Review: Call Across the Sea

Call Across the Sea

by Kathy Kacer

Annick Press

Category: Middle Grade
Reviewer: Sandy Wasserman

I was blown away by this book; I can’t say it any other way. While there’s the need for and interest in Holocaust books for children, so many teachers and parents are not comfortable with the negativity in so many of them, because of the fear of frightening children with graphic images of starvation and worse. This book, on the other hand, is totally positive in numerous ways! Uplifting! We meet the protagonist, a teen, a positive force! On the first page, we feel her love for Denmark, her understanding of her entire community including the Jewish people in it, her neighbors. We see her strength and character and desire to be part of a youth resistance movement when Hitler comes to power and the Nazis, the Gestapo, show up in growing numbers in Denmark. The reader is introduced into Henny’s school life, her entry into the Danish resistance, even the people whom she realizes she can and cannot trust. We learn how she creatively imagines a plan using her navigating and boating skills to save Jewish families and ferry them across the Oresund a waterway she knows like the back of her hand; Sweden is only about three hours by boat from Denmark, but the waters are crawling with sneaky German ships bearing swastikas. Henny is also a mentor for her young Jewish next door neighbor, a girl a few years younger than she is, and part of the very first Jewish family she rescues. Suspense builds and as more Nazis are everywhere and dangerous for all of Denmark, Henny and her resistance friends and her parents exhibit the feeling that if the Danish people stick together and respect each other they can make a difference. Henny remains sure that she can do this heroic act and is committed to doing everything in her power to be an upstander. In an Afterward, the author informs the middle grade readers in a few additional pages that the story is based on a real character in Danish history, the historical Henny Sinding.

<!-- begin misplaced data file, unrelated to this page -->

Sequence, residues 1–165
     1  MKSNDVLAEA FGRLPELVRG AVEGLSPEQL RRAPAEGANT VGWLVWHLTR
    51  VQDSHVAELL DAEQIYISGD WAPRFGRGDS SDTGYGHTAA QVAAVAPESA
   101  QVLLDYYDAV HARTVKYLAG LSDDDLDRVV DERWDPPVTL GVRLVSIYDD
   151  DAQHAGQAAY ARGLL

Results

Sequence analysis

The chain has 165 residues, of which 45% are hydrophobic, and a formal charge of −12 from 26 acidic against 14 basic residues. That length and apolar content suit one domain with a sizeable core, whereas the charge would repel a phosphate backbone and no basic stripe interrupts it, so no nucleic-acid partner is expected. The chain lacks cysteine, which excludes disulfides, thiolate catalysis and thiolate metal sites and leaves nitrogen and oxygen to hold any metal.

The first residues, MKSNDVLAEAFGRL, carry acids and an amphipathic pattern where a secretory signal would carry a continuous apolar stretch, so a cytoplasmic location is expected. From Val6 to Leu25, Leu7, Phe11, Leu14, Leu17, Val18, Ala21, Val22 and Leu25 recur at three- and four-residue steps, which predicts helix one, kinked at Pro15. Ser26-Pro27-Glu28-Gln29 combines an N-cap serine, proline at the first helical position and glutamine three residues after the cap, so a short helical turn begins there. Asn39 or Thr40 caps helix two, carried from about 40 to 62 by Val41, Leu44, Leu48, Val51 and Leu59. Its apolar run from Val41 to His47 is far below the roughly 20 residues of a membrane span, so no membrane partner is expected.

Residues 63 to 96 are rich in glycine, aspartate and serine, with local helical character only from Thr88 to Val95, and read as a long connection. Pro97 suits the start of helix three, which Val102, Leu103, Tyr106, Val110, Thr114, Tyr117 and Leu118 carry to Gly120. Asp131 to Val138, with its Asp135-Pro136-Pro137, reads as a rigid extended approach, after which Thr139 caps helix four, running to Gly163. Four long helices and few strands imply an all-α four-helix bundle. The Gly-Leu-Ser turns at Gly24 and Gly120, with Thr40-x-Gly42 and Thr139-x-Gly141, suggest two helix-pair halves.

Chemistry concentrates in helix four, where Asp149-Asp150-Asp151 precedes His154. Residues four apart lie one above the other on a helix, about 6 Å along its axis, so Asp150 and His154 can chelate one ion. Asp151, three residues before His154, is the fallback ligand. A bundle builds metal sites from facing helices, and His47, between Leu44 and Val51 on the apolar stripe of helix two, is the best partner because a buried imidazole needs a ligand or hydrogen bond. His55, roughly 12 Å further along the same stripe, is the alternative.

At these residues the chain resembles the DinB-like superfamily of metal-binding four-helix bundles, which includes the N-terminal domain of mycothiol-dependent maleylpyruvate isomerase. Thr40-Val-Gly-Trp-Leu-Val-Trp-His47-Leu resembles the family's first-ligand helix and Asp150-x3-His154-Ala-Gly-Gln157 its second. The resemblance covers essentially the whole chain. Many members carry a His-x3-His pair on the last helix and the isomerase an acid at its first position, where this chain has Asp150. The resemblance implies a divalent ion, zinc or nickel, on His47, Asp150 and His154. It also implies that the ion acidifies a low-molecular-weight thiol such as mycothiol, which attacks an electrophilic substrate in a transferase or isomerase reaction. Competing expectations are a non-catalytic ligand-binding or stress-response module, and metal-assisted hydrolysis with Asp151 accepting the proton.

This book is solidly rooted in the criteria for Sydney Taylor consideration, with its connection to Holocaust studies.
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Reviewer Sandy Wasserman is a retired teacher of Gifted and Talented students, and taught for 35 years in both public schools and at a Solomon Schechter Day School. She's a wife, mother of two adult daughters, and grandmother to two fantastic 'first readers' of her manuscripts. Her published book, The Sun's Special Blessing [2009], was her first serendipitous and fun experience in the publishing world. She loves to read and swim, though not at the same time.